Johannesburg - Two of South Africa's top medal hopes for the Olympics lie with swimmers, a traditional backbone of the country's performance at the global sporting event.
Cameron van der Burgh and Chad le Clos are considered strong contenders to break the 2008 medal drought in the Beijing pool.
Despite a respected swimming tradition with the likes of multi-Olympians Penny Heyns and Ryk Neethling, the swimming team didn't walk to the podium once and the country returned home with just one medal.
But Van der Burgh, 24, a current world record holder in breaststroke, is determined to bring back gold and fulfil a childhood dream.
"We want to nail it. We know we have the opportunity. Now we just have to make sure the hard work and effort we put in will pay off," he said.
"I'm feeling really excited," the cheerful finance student from the University of Pretoria said of his prospects in the 100-metre breaststroke.
Even a break-in at his home in Pretoria didn't dampen his excitement. Housebreakers stole the medals he won at the world championships just before he left for Europe and his final preparations.
"But I gotta keep positive," he said.
Touted as Africa's only home-grown swimming world record-holder, Van der Burgh stayed on with South Africa's former head coach Dirk Lange after the team's dismal performance in Beijing.
Lange now coaches the German team and Van der Burgh sometimes trains with them.
The Commonwealth champion in India two years ago in both the 50m and 100m breaststroke, he swam the fourth fastest time this year in the 100m event.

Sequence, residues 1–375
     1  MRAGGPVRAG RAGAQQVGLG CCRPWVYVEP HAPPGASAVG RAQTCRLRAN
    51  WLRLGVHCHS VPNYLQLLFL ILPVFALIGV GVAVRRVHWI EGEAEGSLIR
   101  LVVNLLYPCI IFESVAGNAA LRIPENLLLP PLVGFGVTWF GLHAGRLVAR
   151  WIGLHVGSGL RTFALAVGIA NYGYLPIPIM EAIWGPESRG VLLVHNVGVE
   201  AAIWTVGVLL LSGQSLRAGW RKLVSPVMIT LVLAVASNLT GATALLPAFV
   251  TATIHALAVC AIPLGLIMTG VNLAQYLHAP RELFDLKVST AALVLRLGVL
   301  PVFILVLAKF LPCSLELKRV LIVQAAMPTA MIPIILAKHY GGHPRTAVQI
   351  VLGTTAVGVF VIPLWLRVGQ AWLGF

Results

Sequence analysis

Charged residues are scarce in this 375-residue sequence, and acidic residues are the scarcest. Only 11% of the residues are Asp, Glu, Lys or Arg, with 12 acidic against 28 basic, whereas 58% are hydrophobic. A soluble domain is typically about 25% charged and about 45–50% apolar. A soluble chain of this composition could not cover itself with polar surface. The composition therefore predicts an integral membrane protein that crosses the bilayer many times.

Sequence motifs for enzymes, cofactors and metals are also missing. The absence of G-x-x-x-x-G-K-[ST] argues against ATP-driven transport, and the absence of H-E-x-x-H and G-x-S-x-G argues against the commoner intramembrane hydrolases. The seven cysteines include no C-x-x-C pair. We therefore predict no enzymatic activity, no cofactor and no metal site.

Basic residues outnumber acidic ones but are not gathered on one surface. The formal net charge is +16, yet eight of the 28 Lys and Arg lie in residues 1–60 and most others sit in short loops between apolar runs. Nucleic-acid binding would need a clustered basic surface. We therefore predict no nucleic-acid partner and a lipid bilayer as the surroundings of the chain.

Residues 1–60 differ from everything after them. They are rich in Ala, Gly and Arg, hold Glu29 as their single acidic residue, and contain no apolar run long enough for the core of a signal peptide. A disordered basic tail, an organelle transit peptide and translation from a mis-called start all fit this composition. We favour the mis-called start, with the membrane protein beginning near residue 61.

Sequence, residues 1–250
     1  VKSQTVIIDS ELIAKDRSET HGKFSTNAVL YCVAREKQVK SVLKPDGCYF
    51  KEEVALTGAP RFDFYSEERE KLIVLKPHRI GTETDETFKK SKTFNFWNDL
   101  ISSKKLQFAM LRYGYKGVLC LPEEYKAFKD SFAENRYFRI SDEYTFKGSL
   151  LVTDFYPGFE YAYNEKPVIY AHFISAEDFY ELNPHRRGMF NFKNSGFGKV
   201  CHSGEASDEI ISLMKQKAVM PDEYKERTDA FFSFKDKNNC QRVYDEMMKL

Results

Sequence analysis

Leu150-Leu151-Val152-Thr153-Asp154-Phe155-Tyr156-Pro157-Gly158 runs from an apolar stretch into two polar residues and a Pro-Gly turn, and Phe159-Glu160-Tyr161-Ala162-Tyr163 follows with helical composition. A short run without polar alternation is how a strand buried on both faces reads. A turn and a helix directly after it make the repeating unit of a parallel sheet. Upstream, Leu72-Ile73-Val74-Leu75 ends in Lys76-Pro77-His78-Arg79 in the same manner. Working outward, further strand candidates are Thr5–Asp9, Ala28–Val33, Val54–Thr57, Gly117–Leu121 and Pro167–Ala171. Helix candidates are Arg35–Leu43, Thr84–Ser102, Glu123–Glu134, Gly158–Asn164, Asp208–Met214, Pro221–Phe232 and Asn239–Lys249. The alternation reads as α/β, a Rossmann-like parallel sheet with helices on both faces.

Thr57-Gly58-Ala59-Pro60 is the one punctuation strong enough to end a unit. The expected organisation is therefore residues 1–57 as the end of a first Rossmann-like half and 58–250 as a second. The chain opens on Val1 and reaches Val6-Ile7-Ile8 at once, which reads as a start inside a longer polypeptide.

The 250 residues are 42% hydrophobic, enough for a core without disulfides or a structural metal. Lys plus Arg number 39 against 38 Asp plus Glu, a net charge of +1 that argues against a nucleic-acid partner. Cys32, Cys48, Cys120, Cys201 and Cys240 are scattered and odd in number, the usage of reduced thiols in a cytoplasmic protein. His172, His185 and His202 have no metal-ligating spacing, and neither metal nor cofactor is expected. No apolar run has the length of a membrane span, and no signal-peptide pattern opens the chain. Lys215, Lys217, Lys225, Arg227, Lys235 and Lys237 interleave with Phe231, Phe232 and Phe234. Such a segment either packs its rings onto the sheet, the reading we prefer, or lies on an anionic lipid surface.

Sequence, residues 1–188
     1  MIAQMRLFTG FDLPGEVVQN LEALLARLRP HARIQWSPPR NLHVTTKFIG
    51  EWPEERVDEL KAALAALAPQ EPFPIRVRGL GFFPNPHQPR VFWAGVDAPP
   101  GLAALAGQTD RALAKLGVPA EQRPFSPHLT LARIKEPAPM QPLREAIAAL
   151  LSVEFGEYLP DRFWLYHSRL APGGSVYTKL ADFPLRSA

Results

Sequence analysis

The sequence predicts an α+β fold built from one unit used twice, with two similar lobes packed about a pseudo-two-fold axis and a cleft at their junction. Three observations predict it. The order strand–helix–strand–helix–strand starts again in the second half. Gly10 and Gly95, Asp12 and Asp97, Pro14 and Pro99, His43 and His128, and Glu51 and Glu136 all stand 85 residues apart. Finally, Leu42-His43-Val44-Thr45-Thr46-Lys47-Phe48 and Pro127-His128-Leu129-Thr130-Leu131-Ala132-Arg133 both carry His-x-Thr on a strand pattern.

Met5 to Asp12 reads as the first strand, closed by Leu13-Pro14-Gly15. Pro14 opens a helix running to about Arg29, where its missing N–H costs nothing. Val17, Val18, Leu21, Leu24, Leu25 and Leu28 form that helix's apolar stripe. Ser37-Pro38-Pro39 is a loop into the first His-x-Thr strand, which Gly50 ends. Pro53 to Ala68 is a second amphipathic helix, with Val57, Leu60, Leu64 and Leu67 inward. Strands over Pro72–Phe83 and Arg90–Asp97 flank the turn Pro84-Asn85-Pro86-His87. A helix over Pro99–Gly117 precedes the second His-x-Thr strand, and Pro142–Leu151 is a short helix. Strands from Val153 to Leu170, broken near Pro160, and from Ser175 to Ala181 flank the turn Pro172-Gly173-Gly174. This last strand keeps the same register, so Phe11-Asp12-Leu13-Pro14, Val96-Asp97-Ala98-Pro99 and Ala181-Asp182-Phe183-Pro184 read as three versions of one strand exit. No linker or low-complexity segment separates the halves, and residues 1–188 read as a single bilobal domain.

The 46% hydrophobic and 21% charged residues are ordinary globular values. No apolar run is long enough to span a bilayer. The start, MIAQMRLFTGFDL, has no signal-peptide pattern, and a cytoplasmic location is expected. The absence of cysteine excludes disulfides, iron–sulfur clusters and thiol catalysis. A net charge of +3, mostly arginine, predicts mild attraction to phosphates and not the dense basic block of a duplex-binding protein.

In London he'll face tough competition from Japanese Kosuke Kitajima, who holds the Olympic record.
And Van der Burgh is quite aware of expectations.
"It's a great honour for me to be seen as one of SA's biggest medal hopefuls. Yes, there's pressure, but it's encouraging to know that people are putting their faith in me," he said.
He'll certainly hope to improve on the last Olympics, where he fell out in the semi-finals.
Younger team-mate le Clos has his sights set on the 200m butterfly.
One of South Africa's brightest up-and-coming stars, the 20-year-old last year won the World Cup title, only the third South African to do so after Neethling and Van der Burgh.
A self-confessed bad loser and extremely competitive, he won five gold medals in the youth Olympics in Singapore two years ago and two in the last Commonwealth Games.
But he's up against tough competition in renowned Olympian Michael Phelps from the United States, who won eight gold in Beijing.
Both Phelps and Takeshi Matsuda from Japan, will provide formidable challenges.
Born in Durban, he started swimming when a groin injury dashed his football dreams. Years later he put his university studies on hold to focus on his swimming training.
Le Clos does a lot to acknowledge his fans, like handing out some of his medals to avid supporters, and he says romantic films leave him teary-eyed.
He'll compete in five other events, including the 200m and 400m individual medleys and the 100m butterfly.
Any medals in London will be a bonus because the youngster only plans to peak in four years' time at the 2016 Olympics in Rio de Janeiro.
Former swimmer Neethling brings his experience as manager to both swimmers.
But before the big event, South Africa's swimming team spent time in the French Riveira.
Princess Charlene of Monaco, a former Olympic swimmer for South Africa, hosted a pre-Olympic training camp which will hopefully give the athletes a pre-Olympics boost.